We heard a lot of screams and laughter coming from the warehouse until the door finally opened and my flabbergasted wife walked out, followed by a small troop of Voiders. She’s very reactive, and they were all very amused.
I was pretty pumped for my turn, and just nodded excitedly as James walked me through the setup process like a dog waiting for a treat. The first experience was an untextured environment called Dimension One. I walked through each room, touching everything I could. Since their suits hadn’t come in yet, my body parts were all missing, so there was still a bit of uncanny valley syndrome. But when I stepped “outside” onto a ledge, I almost crapped my pants when I looked down and the ground 400 feet below. I took a couple steps back and the ground shook below me. It was an open-platform elevator that started lifting me up. It felt so real, as the vibrations below and air moving convince me I was being lifted to the upper floor of a building. I’ve been asked to keep the rest of this experience off the record, but it was pretty fantastic.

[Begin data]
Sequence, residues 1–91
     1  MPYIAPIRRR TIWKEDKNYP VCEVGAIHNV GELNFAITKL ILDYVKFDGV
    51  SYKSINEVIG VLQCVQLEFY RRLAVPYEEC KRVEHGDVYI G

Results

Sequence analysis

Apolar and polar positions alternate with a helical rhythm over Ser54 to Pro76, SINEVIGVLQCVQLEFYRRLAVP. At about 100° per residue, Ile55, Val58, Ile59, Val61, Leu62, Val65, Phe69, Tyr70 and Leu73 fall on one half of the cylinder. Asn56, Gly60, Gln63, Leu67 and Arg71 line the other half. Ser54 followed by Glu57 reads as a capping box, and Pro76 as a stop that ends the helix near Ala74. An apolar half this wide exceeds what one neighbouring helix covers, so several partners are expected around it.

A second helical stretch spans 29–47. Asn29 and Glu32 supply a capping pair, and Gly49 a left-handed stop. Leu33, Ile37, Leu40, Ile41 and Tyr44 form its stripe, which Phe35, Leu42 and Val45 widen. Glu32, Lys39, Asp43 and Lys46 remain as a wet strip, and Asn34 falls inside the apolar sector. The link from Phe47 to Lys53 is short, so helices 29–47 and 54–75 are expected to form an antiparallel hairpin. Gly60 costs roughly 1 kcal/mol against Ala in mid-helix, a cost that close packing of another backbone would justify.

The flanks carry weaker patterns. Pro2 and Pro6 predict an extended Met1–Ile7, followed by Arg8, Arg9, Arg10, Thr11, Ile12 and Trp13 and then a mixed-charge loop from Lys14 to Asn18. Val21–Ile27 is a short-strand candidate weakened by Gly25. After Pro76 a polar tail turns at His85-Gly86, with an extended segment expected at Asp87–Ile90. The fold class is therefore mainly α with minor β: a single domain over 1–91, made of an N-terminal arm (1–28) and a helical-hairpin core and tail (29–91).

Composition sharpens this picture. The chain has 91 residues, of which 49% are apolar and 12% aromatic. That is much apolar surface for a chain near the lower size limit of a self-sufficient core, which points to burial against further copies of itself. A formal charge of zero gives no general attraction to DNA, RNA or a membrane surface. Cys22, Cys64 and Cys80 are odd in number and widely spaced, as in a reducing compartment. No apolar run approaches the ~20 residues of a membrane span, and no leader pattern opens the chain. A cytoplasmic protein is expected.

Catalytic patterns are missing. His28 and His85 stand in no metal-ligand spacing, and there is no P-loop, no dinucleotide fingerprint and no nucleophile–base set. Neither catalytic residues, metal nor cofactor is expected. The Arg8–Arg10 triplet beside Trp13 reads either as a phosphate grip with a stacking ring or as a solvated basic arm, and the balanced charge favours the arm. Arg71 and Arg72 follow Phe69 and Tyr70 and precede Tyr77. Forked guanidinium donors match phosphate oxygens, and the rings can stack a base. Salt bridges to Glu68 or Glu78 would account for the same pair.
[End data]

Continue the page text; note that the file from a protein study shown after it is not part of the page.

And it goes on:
When I got back to the staging area, they manually changed programs and handed me a gun. I had to calibrate the experience by lining up a set of crosshairs, and then I was off. They had made a point to tell me the first experience was strictly exploratory, which I knew meant this one wasn’t. As I crept down a hallway through an open door, I saw a huge spider hiding above the door on the other side. I shot it. The gun was super accurate. I continued fighting spiders until I made my was out onto another outdoor deck. No rumbling this time. Then it was on. My world turned into a flying saucer shooting range. I was firing lasers out into the atmosphere, seeing them disappear into the distance when I missed, grunting triumphantly as I watched them explode and fall.